* [http://www.livescience.com/othernews/060815_constant_weak.html Ties That Bind Atoms Weaker Than Thought] - LiveScience.com
* [http://bohr.physics.berkeley.edu/classes/221/0708/notes/hamclassemf.pdf Physics 221B notes – quantization]
* [http://bohr.physics.berkeley.edu/classes/221/0708/notes/radnmatt.pdf Physics 221B notes – interaction]
* [http://www.quarked.org/askmarks/answer5a.html Quarked Electromagnetic force] - A good introduction for kids


Wikimedia Foundation. 2010.

Look at other dictionaries:

  • electromagnetic force — Electro magnetism E*lec tro mag net*ism n. 1. magnetism produced by an electric current. [WordNet 1.5] 2. one of the fundamental forces of nature, responsible for both electrical and magnetic phenomena. Called also the {electromagnetic force}.… …   The Collaborative International Dictionary of English

  • electromagnetic force — Electro magnetism E*lec tro mag net*ism n. 1. magnetism produced by an electric current. [WordNet 1.5] 2. one of the fundamental forces of nature, responsible for both electrical and magnetic phenomena. Called also the {electromagnetic force}.… …   The Collaborative International Dictionary of English

  • electromagnetic force — One of the four known basic forces in the universe. Electromagnetism is responsible for interactions between charged particles that occur because of their charge, and for the emission and absorption of photons (electromagnetic radiation). The… …   Universalium

  • electromagnetic force — elektromagnetinė jėga statusas T sritis automatika atitikmenys: angl. electromagnetic force vok. elektromagnetische Kraft, f rus. электромагнитная сила, f pranc. force électromagnétique, f …   Automatikos terminų žodynas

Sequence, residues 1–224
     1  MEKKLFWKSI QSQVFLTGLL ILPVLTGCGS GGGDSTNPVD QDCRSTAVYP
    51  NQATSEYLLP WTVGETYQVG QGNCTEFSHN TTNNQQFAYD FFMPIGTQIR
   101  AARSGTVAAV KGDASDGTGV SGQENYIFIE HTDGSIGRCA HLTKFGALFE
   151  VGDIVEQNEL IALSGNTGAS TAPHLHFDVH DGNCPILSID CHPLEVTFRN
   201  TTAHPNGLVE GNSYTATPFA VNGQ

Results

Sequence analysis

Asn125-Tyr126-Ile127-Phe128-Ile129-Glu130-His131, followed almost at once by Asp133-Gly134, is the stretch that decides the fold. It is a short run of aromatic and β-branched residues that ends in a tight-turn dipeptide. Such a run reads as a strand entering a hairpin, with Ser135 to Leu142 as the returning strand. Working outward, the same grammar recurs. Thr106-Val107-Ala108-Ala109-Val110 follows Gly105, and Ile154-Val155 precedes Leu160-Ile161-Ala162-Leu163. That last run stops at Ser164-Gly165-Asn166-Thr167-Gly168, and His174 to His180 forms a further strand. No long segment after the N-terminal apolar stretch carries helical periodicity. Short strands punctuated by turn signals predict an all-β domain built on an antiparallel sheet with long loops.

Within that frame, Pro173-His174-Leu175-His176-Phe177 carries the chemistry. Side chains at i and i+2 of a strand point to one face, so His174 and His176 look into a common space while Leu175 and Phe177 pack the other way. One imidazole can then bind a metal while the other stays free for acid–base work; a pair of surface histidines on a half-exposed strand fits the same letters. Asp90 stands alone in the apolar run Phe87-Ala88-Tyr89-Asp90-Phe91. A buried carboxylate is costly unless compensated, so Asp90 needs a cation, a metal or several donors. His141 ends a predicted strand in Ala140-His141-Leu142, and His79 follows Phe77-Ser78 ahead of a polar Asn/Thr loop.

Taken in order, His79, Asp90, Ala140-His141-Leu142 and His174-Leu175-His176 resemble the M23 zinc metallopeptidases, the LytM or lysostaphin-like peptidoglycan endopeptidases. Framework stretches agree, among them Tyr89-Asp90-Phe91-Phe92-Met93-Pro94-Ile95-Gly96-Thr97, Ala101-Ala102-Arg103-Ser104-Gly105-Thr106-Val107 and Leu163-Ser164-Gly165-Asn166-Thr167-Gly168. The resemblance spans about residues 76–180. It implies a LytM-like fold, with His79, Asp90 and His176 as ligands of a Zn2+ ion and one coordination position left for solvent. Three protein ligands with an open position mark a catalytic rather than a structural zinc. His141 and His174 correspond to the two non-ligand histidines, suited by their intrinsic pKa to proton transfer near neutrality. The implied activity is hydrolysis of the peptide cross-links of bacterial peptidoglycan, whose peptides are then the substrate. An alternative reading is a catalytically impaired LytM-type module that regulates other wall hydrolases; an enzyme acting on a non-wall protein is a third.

• electromagnetic force — elektromagnetinė jėga statusas T sritis Standartizacija ir metrologija apibrėžtis Elektromagnetinę sąveiką kiekybiškai apibūdinantis vektorinis dydis – elektromagnetinės sąveikos jėga. atitikmenys: angl. electromagnetic force vok.… …   Penkiakalbis aiškinamasis metrologijos terminų žodynas

  • electromagnetic force — elektromagnetinė jėga statusas T sritis fizika atitikmenys: angl. electromagnetic force vok. elektromagnetische Kraft, f rus. электромагнитная сила, f pranc. force électromagnétique, f …   Fizikos terminų žodynas

  • electromagnetic force — /əˌlɛktroʊmægnɛtɪk ˈfɔs/ (say uh.lektrohmagnetik faws) noun → electromagnetic interaction …   Australian English dictionary

  • electromagnetic force — noun A long range fundamental force that acts between charged bodies, mediated by the exchange of photons. Syn: electromagnetism …   Wiktionary

  • Electromagnetic Force —    This force acts between charges, and binds atoms and molecules together …   The writer's dictionary of science fiction, fantasy, horror and mythology

  • electromagnetic force — noun see electromagnetism …   New Collegiate Dictionary

Share the article and excerpts

Direct link
Do a right-click on the link above
and select “Copy Link”